This course explores vectors and scalar quantities, kinematics, Newton’s Law of Motion, work, work-energy, conversion of energy, conversion of momentum, center of mass and its motion, torque, equilibrium and orbital motion.

Available: Online Only

Pre-Reqs: MATH 241

Credit Hours: 3

This is a calculus-based study of the fundamental principles of classical mechanics and topics include, rotational motion, simple harmonic motion, waves, fluid, heat, kinetic energy, and thermodynamics.

Available: Online Only

Pre-Reqs: PHYS 150

Corequisites: MATH 242

Credit Hours: 3

This course is a calculus-based study of the fundamental principles of classical mechanics. It is the third course of a three-semester sequence, intended for students of science and engineering and is designed to provide the student with an appropriate background for more advanced physics and engineering course work. Topics of discussion include; electric forces, electric field, Gauss’s law, Ohm’s law Ampere’s law, Faraday’s law, Lenz’s law, Kirchhoff’s law and Maxwell’s equations; electric potential and electrostatic potential energy; capacitance; simple DC circuit theory; magnetic force, magnetic field; inductance; electromagnetic oscillations and wave propagation; Linear accelerators, cyclotrons.

Available: Online Only

Pre-Reqs: PHYS 160 and MATH 242

Corequisites: PHYS 253

Credit Hours: 3

One three hour laboratory session per week, with experiments complementing the material of PHYS 250. Primarily lab report writing workshop, error analysis, damped harmonic oscillations, spectrometers, optics, atomic physics, thermodynamics and circuit theory.

Available: Online Only

Pre-Reqs: None

Corequisites: PHYS 250

Credit Hours: 1

This course is a general introduction to research intended to equip first and second year undergraduate students with the skills needed in their studies. Topics covered include the purposes of research, defining research and research problems, defining a hypothesis, problem solving and knowledge discovery, methods of quantitative and qualitative research, conducting literature reviews, designing appropriate methodologies, evaluating outcomes, analysis and communicating the results.

Available: Online Only

Pre-Reqs: ENGL 123 or ENGL 221 and STAT 211 or STAT 222

Credit Hours: 3

Students are provided an integrated survey of the fundamental concepts of culture, forms of collective behavior, community and social organization, social interaction, and social change. The social effects of aviation and the impact of science on the social order living in an air age will also be investigated.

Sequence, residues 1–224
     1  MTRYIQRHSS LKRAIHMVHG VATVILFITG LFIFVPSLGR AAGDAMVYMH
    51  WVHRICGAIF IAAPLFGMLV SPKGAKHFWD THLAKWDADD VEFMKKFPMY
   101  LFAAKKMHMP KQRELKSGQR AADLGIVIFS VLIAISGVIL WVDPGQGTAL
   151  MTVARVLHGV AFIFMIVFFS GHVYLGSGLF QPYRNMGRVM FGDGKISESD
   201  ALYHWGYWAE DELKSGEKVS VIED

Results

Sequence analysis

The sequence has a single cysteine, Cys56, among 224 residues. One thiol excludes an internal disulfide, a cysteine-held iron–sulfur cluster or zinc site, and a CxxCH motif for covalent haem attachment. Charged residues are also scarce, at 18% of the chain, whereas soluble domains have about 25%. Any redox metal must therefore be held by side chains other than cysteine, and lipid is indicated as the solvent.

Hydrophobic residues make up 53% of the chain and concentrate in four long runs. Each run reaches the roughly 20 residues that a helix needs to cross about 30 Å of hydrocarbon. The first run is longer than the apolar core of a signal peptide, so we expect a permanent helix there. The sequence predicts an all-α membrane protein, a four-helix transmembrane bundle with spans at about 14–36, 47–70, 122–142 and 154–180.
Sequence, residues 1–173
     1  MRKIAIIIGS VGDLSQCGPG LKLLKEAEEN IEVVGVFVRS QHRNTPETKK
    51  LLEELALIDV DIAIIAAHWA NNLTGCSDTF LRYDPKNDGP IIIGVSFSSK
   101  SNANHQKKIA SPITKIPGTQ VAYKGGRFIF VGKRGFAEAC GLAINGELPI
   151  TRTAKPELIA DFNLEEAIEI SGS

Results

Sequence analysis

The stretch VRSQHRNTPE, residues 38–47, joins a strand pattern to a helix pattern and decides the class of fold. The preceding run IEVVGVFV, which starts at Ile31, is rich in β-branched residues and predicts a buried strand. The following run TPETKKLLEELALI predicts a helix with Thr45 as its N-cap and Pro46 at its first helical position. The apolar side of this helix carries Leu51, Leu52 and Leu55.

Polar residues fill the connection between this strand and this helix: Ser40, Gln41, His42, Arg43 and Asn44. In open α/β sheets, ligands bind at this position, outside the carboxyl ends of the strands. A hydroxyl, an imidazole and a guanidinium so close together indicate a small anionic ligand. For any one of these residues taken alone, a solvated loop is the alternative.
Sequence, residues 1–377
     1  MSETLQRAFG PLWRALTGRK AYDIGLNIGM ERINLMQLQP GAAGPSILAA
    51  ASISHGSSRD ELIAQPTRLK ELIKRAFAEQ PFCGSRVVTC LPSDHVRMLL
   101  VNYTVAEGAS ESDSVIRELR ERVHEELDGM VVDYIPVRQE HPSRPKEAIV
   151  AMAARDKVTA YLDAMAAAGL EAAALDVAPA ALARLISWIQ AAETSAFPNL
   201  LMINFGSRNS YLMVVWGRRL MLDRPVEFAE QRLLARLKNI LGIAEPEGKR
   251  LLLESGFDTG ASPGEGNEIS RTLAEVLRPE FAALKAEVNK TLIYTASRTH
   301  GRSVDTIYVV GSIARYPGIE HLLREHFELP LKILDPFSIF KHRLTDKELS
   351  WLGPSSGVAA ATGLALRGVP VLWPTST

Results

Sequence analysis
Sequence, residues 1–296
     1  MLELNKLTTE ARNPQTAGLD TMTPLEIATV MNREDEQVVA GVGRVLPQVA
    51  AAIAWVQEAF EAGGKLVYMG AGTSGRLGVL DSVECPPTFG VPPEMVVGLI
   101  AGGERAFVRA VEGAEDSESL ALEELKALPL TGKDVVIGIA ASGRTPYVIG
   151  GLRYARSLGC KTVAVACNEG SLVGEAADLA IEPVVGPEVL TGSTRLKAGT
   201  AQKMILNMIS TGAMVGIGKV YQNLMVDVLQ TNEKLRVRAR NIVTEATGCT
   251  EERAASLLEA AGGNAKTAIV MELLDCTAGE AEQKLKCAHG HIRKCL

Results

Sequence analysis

Available: Online Only

Pre-Reqs: None

Credit Hours: 3

This course will introduce the student to the field of psychology and is a survey of the bio-psychosocial continuum and the intra-psychic, interpersonal, and organizational factors affecting human behavior. A primary feature of the course is its focus on the scientific method as the route to psychological knowledge. Students examine the rationalist, empiricist and experimental foundations of the scientific method and how these foundations can be critiqued. Topics include sensation, perception, learning, motivation, emotion, memory, personality, psychopathology, physiological psychology and social processes. Emphasis is placed on the application of the basic principles of psychology to engineering, aviation, public policy, and business.

Available: Online Only

Pre-Reqs: None

Credit Hours: 3

This course is a continuation of the study of communication and communication theory, with an emphasis on overcoming communication apprehension, developing listening skills, mastering oral performance and writing about communication. Individual sections may focus on public speaking, group discussion, oral interpretation or interpersonal communication.

Available: Online & In Classroom

Pre-Reqs: None

Credit Hours: 3

This course is a study of basic descriptive and inferential statistics. Topics include types of data, sampling techniques, measures of central tendency and dispersion, elementary probability, discrete and continuous probability distributions, sampling distributions, hypothesis testing, confidence intervals, and simple linear regression.

Available: Online Only

Pre-Reqs: MATH 111 or MATH 140 or MATH 143 or MATH 241

Credit Hours: 3

This course is a study of basic descriptive and inferential statistics. Topics include types of data, sampling techniques, measures of central tendency and dispersion, elementary probability, discrete and continuous probability distributions, sampling distributions, hypothesis testing, confidence intervals, and simple linear regression.

Available: Online Only

Pre-Reqs: MATH 111 or MATH 140 or MATH 143 or MATH 241

Credit Hours: 3